International Choice Modelling Conference, International Choice Modelling Conference 2017

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ARE LABOUR TIME AND HARVEST A GOOD NUMERAIRE AS MONEY IN STATED PREFERENCE ELICITATION IN DEVELOPING COUNTRIES
Godwin Kofi Vondolia, Ståle Navrud

Last modified: 28 March 2017

Abstract


Yes, but stated preference elicitations in these non-monetary numéraires are more uncertain.

Many people make non-monetary payments each year to support such causes as environment and charity. Some examples of the use of non-monetary payments to promote environmental objectives are working-for-water programme in South Africa and Umugunda (i.e. National Cleaning Day) in Rwanda, National Sanitation Day in Ghana and dugnad (i.e. mobilization of collective efforts from community) in Norway. In addition to the environmental objectives, a number of insurance practitioners and academic literature are proposing in-kind insurance premiums to overcome the liquidity constraints on the purchase of insurance in climate change adaptation programmes (see e.g. Bals et al., 2006; Oxfam America, 2012).

According to general economic theory, these non-monetary payments should be convertible into money. For instance, the human capital theory of Becker (1965) assumes a perfect convertibility between money and labour time. However, the numéraire adopted in environmental project evaluation depends on the context (Brekke, 1997; Dreze, 1998).  Specifically, Brekke (1997) indicates that the choice of numéraire matters in the evaluation of public goods provision but not in the purchase of private goods. This is because the choice of numéraires requires normalization of both prices and marginal utility; and the double normalization renders the (ir)relevance of the choice of numéraires to be a context-dependent (Brekke, 1997). Furthermore, the adoption of a particular numéraire in cost-benefit analysis framework has been noted to benefit some groups of people but not favourable to other people (Brekke, 1997). In addition, Dreze (1998) clarifies further that conditions under which the marginal rate of substitution between two private goods may differ e.g. rationing and market segmentation. These same conditions render the choice of numéraire to be of consequence for the purchase of private goods as well.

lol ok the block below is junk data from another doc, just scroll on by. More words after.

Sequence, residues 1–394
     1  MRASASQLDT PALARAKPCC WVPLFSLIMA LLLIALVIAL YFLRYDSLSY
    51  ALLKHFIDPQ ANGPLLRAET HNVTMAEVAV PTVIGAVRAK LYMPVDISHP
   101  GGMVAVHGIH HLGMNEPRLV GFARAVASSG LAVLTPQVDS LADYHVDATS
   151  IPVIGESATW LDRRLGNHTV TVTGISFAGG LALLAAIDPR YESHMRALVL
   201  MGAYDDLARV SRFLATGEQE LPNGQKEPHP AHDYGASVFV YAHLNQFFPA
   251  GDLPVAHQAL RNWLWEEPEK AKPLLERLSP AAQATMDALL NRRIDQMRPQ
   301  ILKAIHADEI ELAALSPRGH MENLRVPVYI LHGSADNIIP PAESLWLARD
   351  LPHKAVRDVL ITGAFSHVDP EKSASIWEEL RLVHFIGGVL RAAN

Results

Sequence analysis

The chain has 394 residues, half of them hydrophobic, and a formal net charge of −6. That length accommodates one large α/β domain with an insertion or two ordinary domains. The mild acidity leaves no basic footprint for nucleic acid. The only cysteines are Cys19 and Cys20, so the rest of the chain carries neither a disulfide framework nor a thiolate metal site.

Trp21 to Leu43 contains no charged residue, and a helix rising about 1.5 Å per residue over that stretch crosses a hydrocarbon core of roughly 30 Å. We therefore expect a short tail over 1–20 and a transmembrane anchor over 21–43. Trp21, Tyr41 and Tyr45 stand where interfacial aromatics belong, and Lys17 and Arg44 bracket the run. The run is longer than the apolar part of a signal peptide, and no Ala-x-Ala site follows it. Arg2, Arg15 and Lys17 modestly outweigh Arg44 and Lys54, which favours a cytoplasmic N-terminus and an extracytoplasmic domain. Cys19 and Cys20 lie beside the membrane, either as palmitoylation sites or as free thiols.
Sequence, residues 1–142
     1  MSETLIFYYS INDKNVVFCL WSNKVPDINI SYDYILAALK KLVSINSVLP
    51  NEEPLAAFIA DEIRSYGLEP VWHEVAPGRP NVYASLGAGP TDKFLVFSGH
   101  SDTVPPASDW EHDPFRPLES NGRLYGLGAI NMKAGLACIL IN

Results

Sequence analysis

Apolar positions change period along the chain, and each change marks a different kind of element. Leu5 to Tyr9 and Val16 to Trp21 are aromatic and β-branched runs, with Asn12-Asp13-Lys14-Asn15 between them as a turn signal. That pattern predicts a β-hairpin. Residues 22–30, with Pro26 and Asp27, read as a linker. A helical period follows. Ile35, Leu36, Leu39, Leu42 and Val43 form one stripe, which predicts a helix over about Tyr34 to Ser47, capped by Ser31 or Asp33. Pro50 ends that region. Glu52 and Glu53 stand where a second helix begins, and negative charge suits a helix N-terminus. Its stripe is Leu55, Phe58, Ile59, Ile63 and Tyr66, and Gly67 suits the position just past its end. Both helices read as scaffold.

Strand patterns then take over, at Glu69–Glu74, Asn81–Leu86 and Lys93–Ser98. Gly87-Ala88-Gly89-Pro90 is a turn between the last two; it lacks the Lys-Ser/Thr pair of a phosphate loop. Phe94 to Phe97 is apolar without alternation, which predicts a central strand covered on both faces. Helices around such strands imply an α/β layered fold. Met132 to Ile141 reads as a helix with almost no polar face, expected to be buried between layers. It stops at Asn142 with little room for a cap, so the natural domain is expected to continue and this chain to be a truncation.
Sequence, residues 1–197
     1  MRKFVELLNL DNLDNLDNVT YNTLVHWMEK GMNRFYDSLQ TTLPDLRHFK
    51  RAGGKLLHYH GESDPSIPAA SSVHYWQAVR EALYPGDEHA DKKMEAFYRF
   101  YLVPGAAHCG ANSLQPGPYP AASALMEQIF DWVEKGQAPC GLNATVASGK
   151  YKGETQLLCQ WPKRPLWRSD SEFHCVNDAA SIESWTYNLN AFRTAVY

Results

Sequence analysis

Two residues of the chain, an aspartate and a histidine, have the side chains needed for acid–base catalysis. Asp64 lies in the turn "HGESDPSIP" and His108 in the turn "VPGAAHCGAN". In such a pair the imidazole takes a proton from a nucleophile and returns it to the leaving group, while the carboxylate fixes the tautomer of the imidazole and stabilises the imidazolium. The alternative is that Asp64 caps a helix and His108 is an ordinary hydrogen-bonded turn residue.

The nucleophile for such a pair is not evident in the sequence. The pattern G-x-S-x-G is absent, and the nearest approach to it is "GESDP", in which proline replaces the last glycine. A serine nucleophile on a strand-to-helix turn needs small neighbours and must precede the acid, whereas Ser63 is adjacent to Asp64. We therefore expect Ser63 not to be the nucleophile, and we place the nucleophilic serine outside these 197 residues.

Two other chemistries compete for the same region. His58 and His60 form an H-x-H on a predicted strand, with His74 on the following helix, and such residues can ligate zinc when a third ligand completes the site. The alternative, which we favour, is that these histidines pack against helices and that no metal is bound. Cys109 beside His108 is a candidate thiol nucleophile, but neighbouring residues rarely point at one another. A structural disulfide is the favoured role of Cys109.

Furthermore, a consistent finding from stated preferences studies conducted in developing countries using non-monetary payments modes is that respondents are more likely to state a positive willingness to pay (WTP) under these non-monetary payment modes as compared to monetary elicitation of preferences. Experiences with payment vehicles have been found to contribute to the differences in preferences under alternative payment modes (Vondolia, et al., 2014). In addition, stated preference studies in developing countries report that the respondents have high preference for contributing non-monetary payments such as time than money (see e.g. Whittington et al., 1990). The main purpose of the present paper is to assess certainties in and convertibility between the use of monetary and non-monetary payments (i.e. labour time and harvests) in choice experiments on the purchase of catastrophic flood risk insurance, a private good, in a developing country.  Specifically, we present evidence from choice experiments on demand for catastrophic flood risk insurance in which the insurance premiums are required in monetary, labour time and harvests among commercial smallholder farmers. We test for differences in scale parameters in choice experiments using three different payment vehicles and convertibility between of labour time and money and harvests and money.